Susan Edwards of Appalachian State named provost of Wright State University

Susan Edwards, vice provost for faculty affairs at Appalachian State University, will join Wright State as the executive vice president for academic affairs and provost on July 30. (Photos by Erin Pence)

Susan Edwards, vice provost for faculty affairs at Appalachian State University, has been named the executive vice president for academic affairs and provost of Wright State University, President Cheryl B. Schrader announced May 10.

Edwards will join Wright State on July 30, succeeding Thomas Sudkamp, who has served as provost since 2015.

She was selected as provost after a four-month national search that included a diverse pool of approximately 50 candidates. Wright State’s Executive Vice President for Academic Affairs and Provost Search Committee helped lead the search.

“Dr. Edwards’ experience as a teacher, researcher and administrator; her leadership skills; and her personal commitment to student success make her the perfect leader to join our university at this time,” Schrader said.

Edwards said she was drawn to Wright State because of the university’s core values and dedication to students.

“I saw a lot of similarities to Wright State’s values as an institution and the values that I hold dear — student-centered, student-oriented and a very dedicated faculty and staff,” she said. “Then when I visited I realized the values are not just words, they’re actually part of the institution’s DNA. It was palpable.”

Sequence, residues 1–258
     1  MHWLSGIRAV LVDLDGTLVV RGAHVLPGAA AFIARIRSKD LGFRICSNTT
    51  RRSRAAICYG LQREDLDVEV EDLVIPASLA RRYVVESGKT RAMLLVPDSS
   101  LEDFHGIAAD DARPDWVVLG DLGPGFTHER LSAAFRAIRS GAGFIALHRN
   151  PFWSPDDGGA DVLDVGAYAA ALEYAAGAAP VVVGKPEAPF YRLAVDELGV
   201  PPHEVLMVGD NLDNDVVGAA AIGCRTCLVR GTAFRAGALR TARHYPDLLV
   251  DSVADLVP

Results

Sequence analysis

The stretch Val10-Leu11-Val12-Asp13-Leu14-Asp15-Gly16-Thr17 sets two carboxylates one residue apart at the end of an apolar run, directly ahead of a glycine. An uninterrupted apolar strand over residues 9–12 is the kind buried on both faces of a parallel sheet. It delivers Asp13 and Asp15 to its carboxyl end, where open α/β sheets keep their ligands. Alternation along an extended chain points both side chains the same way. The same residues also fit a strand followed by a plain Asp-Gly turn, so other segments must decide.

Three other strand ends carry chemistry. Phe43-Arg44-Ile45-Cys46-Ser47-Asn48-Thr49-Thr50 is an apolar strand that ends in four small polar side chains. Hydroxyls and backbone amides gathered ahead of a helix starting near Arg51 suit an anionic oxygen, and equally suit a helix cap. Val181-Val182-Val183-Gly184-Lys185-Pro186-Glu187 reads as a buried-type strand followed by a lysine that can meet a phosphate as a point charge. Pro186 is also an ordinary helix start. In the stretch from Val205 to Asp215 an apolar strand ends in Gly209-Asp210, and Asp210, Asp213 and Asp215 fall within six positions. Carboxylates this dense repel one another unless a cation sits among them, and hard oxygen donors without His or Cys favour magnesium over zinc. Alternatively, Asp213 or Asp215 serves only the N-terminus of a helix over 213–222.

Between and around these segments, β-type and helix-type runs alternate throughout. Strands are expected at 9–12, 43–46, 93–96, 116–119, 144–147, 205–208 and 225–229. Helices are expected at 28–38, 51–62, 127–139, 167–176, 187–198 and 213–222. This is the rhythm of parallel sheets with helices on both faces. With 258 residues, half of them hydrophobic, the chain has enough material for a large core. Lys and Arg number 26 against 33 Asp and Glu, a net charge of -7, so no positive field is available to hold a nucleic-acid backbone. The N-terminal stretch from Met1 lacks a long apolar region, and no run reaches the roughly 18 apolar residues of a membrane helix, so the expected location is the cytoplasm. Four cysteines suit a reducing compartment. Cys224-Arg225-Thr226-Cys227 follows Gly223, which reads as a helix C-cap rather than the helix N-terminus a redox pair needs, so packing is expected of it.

The 14-member search committee, which represents a cross-section of the university, unanimously supported Edwards’ appointment.

Schrader noted that Edwards personally resonated with the faculty, staff, students and community members who she met during her candidate visit at Wright State on April 23 and 24.

“Those who interacted with her said they were impressed with her ability to listen closely, analyze questions quickly and communicate clearly,” Schrader said.

Edwards’ background aligns well with the breadth of experiences offered by Wright State, from associate degrees to professional schools and doctorate programs to regional campuses, such as the Lake Campus, Schrader said.

“She has worked at a variety of institutions, including a world-class global research university and Appalachian State, which is committed to student success and student-centered research at both the undergraduate and graduate levels,” Schrader said.

Dr. Edwards believes “the role of provost is about the faculty, the students and the staff and how all of us work together to serve the academic mission of the institution. That is what drives me every day.”

Edwards plans to spend her first few weeks at Wright State meeting with deans, faculty and staff and listening to her new colleagues’ ideas and concerns.

“It’s really important to be out and about and be accessible. I think if we can meet together and dialogue we can navigate most issues,” she said.